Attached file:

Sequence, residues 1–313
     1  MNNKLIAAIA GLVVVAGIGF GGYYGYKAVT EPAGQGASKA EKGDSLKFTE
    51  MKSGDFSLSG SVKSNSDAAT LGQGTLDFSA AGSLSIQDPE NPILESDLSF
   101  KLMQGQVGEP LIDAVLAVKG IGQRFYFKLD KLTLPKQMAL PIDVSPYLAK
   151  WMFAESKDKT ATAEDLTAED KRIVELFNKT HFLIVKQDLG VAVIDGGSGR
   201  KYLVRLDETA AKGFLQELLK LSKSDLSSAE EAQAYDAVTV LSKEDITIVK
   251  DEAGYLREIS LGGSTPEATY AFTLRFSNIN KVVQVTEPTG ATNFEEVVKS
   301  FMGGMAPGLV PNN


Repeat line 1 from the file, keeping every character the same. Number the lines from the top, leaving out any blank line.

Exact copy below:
Sequence, residues 1–313